Barrier breaker did a good job

Carme Chacon

THERE was discussion between Washington and the US ambassador to Madrid regarding Carme Chacon’s appointment as Defence minister in 2008.

Minister of Housing until then, she was 39 and pregnant but Eduardo Aguirre commented that although young and inexperienced “she should not be underestimated.”

Spanish president Jose Luis Zapatero regarded her as ‘a strong manager’ and Aguirre patronisingly predicted that given time she would ‘grow into the job.’

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Tragically, Chacon no longer has time. Having left politics she was found dead in her Madrid home, the victim of a heart condition that she had lived with since she was 10.

She was Spain’s first female Minister of Defence, she reviewed troops in a maternity smock, visited troops in Afghanistan when she was seven months pregnant and refused to observe the convention that women should wear a dress at the Armed Forces’ big day, the Pascua Militar.

She ignored many barriers, including that of her health, but would have preferred to be remembered as Defence minister not because she was a woman, but because she did a good job.

If only

IF Carme Chacon had collected 22 more votes in 2013, she would have become secretary general of the PSOE socialist party.

The former Minister of Defence had challenged the incumbent secretary general Alfredo Perez Rubalcaba, a decent man and respected politician who didn’t have what it took to connect with the public.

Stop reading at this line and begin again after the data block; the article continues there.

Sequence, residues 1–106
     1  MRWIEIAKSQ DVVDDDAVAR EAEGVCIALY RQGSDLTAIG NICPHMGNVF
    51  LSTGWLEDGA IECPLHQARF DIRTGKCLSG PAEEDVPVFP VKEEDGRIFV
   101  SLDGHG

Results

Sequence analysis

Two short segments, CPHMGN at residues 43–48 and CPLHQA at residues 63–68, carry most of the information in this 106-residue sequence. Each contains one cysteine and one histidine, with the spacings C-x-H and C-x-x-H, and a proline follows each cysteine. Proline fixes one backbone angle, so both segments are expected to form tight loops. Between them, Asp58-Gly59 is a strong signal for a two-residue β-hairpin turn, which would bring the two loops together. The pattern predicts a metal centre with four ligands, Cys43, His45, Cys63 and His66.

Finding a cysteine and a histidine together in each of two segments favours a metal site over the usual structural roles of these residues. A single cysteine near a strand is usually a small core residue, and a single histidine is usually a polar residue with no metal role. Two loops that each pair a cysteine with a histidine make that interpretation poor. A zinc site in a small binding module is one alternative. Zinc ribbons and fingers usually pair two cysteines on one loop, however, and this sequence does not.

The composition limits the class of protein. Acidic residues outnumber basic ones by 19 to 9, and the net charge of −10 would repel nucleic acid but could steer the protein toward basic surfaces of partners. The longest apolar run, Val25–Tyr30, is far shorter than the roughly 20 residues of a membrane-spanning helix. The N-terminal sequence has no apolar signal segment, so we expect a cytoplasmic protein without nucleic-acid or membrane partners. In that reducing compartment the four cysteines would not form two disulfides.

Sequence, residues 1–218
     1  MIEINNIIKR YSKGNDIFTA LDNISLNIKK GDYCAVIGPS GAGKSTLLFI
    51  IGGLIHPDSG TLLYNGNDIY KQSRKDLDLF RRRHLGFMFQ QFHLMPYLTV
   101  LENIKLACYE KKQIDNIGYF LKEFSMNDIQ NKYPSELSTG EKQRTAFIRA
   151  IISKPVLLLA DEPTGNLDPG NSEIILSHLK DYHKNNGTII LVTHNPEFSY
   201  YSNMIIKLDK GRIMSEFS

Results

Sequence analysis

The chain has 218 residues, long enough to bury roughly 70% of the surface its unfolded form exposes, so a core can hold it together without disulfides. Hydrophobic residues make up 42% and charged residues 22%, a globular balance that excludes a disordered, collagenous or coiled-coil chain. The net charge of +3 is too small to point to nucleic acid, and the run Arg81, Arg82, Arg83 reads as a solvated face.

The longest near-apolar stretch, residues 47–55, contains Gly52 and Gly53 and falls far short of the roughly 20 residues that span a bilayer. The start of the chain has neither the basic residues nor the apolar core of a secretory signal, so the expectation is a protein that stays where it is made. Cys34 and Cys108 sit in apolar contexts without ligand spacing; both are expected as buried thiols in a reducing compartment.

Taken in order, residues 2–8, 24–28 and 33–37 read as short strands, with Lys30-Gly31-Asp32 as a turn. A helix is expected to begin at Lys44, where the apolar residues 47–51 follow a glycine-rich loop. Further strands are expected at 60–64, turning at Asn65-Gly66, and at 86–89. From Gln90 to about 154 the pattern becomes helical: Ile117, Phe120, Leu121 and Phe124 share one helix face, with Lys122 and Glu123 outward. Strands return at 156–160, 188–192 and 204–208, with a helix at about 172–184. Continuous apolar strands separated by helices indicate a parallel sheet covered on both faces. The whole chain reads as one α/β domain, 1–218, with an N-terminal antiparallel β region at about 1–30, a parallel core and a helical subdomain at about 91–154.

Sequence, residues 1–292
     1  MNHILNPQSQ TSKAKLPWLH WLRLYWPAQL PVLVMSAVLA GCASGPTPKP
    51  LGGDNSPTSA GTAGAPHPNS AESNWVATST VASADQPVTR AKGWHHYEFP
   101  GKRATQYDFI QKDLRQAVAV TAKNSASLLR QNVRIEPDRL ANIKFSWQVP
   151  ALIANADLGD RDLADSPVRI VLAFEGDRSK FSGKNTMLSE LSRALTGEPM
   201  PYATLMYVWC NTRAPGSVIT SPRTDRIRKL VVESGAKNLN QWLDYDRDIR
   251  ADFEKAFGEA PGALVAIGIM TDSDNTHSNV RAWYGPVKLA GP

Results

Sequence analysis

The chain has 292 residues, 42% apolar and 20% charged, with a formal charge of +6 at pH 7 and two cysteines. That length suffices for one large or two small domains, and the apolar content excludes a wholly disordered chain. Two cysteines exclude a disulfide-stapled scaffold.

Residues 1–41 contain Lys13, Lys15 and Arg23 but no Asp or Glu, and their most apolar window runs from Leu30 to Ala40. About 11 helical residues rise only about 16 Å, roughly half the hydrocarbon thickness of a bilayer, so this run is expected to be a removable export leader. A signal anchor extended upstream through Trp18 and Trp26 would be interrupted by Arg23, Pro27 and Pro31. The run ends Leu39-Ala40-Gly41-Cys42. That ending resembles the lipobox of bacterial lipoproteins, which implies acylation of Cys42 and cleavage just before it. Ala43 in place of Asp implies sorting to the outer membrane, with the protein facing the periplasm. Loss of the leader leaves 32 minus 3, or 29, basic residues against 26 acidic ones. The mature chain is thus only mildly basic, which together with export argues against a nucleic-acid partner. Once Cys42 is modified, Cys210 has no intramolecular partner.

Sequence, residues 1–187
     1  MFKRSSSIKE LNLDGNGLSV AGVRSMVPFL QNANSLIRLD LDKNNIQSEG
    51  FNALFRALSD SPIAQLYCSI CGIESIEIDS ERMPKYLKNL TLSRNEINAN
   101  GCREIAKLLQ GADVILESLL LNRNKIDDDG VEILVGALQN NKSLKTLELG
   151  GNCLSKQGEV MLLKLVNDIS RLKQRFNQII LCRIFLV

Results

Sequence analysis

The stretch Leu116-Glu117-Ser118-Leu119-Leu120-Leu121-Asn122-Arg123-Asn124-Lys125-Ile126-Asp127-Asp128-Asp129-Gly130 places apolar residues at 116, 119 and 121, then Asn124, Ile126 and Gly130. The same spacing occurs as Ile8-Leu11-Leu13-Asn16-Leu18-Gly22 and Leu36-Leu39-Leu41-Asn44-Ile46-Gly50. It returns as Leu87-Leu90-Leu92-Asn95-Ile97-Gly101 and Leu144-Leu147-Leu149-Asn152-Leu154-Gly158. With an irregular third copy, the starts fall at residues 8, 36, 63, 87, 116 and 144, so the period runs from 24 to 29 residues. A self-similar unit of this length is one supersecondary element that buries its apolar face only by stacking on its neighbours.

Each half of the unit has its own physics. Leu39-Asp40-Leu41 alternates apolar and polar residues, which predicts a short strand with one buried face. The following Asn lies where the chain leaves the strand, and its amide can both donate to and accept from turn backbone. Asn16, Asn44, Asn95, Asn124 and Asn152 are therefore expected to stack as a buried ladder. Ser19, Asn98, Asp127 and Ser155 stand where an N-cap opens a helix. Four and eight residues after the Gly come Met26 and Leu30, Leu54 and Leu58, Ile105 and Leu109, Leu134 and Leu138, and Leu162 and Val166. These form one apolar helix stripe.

As happens too often, Rubalcaba had what it took to connect with the party hierarchy and Chacon lost out by an ironically small margin.

It’s hard not to regard Rubalcaba as a dog in the manger because he resigned a year later and was succeeded not by Chacon, who had retreated to the sidelines, but by Pedro Sanchez.

The rest, as they say is history, but there would be an entirely different story to tell if 22 party members had voted differently in February 2013.

 Heart of the matter

WINNING Hearts and Minds failed miserably in Iraq although the concept is sound enough.

Instead of referring every Catalan transgression to the tribunals, perhaps Mariano Rajoy could try winning some Hearts and Minds himself.

On second thoughts perhaps it would make as little impression on Cataluña as it did on Iraq.

 Not my fault

JORGE FERNANDEZ DIAZ, former Interior minister, is suspected of waging a dirty war to discredit secessionist Catalan politicians.

He told a parliamentary commission that possibly he had not kept a close enough watch on subordinates.

Which means he is either lying or incompetent.


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